Bullying: An Unexamined Cause of Assault-related Emergency Department Visits for Urban Adolescents



This study aims to understand the prevalence of bullying in as well as the attributes and characteristics of injuries resulting from bullying treated in the emergency department (ED).


Data come from 188 adolescents (ages 10–15) who were treated for a peer-related assault-injury in two United States urban EDs. Descriptive statistics were used to understand differences between bullied and non-bullied adolescents. A receiver operating curve (ROC) analysis was used to evaluate a possible risk index.


Forty percent of adolescents identified that the incident was a result of bullying. Bullied youth reported significantly more previous bullying victimization and post-traumatic stress symptoms, but less aggression and rule breaking. A group fight, the fight involving a discordant gender, perceiving oneself as a victim, feeling that the person(s) meant to hurt them, and reporting that the fight was not resolved were significantly associated with an injury as the result of bullying. Situational characteristics such as the fight occurring in school and not arriving to the ED in an ambulance also were associated with an increased likelihood of a bullying situation. Having greater than three of these risk factors correctly identified 88% of youth who attributed the situation to bullying.


Taking into account the characteristics of the assault and asking about the adolescent’s attributions of the incident can help identify patients and facilitate tailoring of appropriate intervention by social workers and other ED providers.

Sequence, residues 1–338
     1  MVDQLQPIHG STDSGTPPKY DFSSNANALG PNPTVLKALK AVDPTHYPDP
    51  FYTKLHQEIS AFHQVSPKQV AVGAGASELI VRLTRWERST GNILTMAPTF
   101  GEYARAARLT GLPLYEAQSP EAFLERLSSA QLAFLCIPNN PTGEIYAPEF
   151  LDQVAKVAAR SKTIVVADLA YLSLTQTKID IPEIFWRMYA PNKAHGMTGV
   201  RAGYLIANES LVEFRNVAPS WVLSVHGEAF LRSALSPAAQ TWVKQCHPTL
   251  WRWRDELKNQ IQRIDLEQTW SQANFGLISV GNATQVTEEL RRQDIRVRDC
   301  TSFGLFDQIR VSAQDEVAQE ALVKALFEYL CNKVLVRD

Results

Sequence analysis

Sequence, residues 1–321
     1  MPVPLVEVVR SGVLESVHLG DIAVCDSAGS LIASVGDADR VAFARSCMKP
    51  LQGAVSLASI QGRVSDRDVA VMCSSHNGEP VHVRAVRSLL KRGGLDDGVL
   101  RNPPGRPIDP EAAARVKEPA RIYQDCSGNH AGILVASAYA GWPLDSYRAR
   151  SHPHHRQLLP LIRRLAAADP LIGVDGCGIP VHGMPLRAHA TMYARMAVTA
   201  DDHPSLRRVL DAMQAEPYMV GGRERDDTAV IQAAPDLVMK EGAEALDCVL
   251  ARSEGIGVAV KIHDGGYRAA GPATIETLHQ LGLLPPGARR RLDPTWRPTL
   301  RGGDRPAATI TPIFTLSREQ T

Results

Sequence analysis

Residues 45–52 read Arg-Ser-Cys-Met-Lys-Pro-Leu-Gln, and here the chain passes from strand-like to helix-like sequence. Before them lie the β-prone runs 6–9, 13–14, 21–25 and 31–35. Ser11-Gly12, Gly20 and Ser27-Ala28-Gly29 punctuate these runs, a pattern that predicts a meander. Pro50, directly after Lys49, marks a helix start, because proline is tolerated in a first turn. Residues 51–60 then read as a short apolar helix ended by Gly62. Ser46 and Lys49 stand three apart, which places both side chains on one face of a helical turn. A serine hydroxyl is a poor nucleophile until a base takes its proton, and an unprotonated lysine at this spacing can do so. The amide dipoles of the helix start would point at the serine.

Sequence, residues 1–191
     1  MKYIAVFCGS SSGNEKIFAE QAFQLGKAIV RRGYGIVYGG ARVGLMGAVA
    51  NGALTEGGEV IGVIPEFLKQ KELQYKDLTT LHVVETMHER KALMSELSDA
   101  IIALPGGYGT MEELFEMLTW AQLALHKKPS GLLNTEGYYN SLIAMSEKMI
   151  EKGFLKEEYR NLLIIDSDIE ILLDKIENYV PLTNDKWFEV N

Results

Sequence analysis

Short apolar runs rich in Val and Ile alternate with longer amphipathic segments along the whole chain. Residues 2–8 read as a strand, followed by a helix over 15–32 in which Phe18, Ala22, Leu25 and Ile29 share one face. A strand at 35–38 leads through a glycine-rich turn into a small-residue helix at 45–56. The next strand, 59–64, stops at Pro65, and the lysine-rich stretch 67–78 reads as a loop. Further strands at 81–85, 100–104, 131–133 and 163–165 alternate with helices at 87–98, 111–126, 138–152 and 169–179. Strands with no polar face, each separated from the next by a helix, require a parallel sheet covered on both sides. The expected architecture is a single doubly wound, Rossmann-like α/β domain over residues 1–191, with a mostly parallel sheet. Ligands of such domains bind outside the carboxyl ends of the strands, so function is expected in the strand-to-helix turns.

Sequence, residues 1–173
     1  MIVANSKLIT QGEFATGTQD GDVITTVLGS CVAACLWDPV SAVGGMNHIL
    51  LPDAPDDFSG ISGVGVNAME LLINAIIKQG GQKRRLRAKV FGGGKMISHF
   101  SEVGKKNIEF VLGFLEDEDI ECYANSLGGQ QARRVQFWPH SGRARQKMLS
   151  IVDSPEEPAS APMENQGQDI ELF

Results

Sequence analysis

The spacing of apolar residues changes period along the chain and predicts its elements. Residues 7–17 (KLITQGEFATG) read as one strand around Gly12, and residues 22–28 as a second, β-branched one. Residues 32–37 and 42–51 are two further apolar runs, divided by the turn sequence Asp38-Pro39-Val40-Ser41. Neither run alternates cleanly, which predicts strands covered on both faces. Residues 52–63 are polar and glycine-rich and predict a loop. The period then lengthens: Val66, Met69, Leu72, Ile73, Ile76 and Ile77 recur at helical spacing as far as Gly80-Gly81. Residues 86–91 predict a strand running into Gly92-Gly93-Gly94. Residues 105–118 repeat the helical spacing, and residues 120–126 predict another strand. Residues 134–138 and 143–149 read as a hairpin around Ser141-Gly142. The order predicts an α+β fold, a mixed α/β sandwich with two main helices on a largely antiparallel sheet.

ClinicalTrials.gov ID: NCT01770873.

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This research was supported by the National Institute on Minority Health And Health Disparities (Grant P20MD000198). The content is solely the responsibility of the authors and does not necessarily represent the official views of the National Institutes of Health.

Author information




SLJ conceived of the study, ran analyses, and drafted the manuscript; LR, VJ, and JF facilitated data collection, TC and JF conceptualized the project and received funding; LR, VJ, JF, and TC provided feedback on drafts and approved final manuscript.

Corresponding author

Correspondence to Sarah Lindstrom Johnson.

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A procedures performed in studies involving human participants were in accordance with the ethical standards of the institutional and/or national research committee and with the 1964 Helsinki declaration an and its later amendments or comparable ethical standards.

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Lindstrom Johnson, S., Ryan, L.M., Jones, V. et al. Bullying: An Unexamined Cause of Assault-related Emergency Department Visits for Urban Adolescents. Child Adolesc Soc Work J 37, 153–161 (2020). https://doi.org/10.1007/s10560-020-00653-9

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  • Violence
  • Peer-assault
  • Screening
  • Intervention